May 13, 2016

Catching The 750 GeV Boson With Roman Pots?!

Posted by in category: particle physics

I am told by a TOTEM manager that this is public news and so it can be blogged about — so here I would like to explain a rather cunning plan that the TOTEM and the CMS collaborations have put together to enhance the possibilities of a discovery, and a better characterization, of the particle that everybody hopes is real, the 750 GeV resonance seen in photon pairs data by ATLAS and CMS in their 2015 data.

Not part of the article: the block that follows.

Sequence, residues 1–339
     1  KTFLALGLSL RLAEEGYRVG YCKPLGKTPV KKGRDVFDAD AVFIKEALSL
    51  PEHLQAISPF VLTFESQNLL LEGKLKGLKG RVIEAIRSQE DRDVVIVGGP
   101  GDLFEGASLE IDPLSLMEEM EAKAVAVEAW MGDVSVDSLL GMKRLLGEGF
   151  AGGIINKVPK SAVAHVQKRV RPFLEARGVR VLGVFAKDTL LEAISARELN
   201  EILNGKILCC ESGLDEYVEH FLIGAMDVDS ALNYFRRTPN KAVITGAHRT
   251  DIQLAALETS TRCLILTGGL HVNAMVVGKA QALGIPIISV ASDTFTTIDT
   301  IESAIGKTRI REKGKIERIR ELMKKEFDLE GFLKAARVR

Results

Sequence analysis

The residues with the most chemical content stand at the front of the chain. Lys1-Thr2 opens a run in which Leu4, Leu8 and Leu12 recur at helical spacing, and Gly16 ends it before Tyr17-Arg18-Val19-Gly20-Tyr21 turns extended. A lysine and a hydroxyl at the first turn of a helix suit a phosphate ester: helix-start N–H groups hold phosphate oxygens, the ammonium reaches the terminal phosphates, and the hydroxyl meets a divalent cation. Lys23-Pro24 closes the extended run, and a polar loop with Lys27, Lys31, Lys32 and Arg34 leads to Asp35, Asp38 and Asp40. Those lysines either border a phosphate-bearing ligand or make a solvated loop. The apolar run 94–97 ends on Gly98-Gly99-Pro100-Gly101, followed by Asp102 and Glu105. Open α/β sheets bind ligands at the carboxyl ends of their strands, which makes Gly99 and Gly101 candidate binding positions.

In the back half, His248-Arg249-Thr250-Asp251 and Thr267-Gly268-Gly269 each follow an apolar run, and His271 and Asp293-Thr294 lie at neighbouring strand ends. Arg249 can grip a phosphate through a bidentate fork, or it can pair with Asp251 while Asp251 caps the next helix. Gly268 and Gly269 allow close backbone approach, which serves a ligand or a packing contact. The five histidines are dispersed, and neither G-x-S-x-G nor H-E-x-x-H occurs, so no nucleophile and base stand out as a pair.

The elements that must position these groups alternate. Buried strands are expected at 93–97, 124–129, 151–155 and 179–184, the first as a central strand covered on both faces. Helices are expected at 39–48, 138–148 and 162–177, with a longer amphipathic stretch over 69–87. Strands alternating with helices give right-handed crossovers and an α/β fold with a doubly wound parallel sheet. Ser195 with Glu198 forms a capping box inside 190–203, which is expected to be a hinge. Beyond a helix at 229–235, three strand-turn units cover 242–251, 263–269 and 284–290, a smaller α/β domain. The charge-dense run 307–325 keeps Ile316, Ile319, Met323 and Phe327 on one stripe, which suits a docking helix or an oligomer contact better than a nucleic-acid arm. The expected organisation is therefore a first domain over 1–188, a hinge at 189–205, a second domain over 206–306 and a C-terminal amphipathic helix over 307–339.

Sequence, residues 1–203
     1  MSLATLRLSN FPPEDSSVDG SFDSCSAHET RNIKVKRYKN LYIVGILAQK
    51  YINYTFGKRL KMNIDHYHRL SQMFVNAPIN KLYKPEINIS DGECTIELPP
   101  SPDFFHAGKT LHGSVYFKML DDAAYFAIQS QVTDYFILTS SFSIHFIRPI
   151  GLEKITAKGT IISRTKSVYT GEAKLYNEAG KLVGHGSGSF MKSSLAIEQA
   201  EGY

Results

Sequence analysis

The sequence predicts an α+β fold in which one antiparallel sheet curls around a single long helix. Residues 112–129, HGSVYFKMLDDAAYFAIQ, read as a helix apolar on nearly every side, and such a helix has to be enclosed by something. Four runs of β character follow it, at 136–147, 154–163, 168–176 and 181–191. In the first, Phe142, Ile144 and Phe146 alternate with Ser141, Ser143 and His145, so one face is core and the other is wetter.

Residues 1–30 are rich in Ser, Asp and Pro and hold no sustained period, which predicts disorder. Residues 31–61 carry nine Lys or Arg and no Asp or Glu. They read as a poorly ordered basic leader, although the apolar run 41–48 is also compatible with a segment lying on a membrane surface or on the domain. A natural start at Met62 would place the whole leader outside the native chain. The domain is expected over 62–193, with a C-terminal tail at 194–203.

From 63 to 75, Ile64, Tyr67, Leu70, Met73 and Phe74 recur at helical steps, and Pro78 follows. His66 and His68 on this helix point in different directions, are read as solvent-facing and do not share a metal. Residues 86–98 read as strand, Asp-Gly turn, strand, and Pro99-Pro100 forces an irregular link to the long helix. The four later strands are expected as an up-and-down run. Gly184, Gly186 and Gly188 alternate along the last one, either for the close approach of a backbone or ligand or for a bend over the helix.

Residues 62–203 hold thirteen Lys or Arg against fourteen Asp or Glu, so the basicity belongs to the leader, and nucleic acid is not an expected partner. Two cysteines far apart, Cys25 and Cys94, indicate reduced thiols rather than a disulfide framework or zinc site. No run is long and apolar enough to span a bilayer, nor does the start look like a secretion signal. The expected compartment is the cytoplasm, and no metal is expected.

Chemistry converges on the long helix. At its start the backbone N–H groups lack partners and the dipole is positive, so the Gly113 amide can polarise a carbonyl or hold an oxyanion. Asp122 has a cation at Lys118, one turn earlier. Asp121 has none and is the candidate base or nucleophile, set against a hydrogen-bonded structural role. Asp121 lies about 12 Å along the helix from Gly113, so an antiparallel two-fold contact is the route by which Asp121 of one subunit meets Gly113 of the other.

What is TOTEM, first of all? Well, TOTEM is a collaboration that operates some high-rapidity detectors located around the CMS collision point at the LHC. And before you ask, rapidity is a measurement of how close to the beam a particle is emitted by a collision. Particles emitted orthogonally have rapidity equal to zero; particles traveling at angles increasingly close to the z axis (which we take to be the beam axis at the collision point) have higher positive or negative rapidity (the sign depends on the verse, and is determined by convention). Below is a schematic of the detector.

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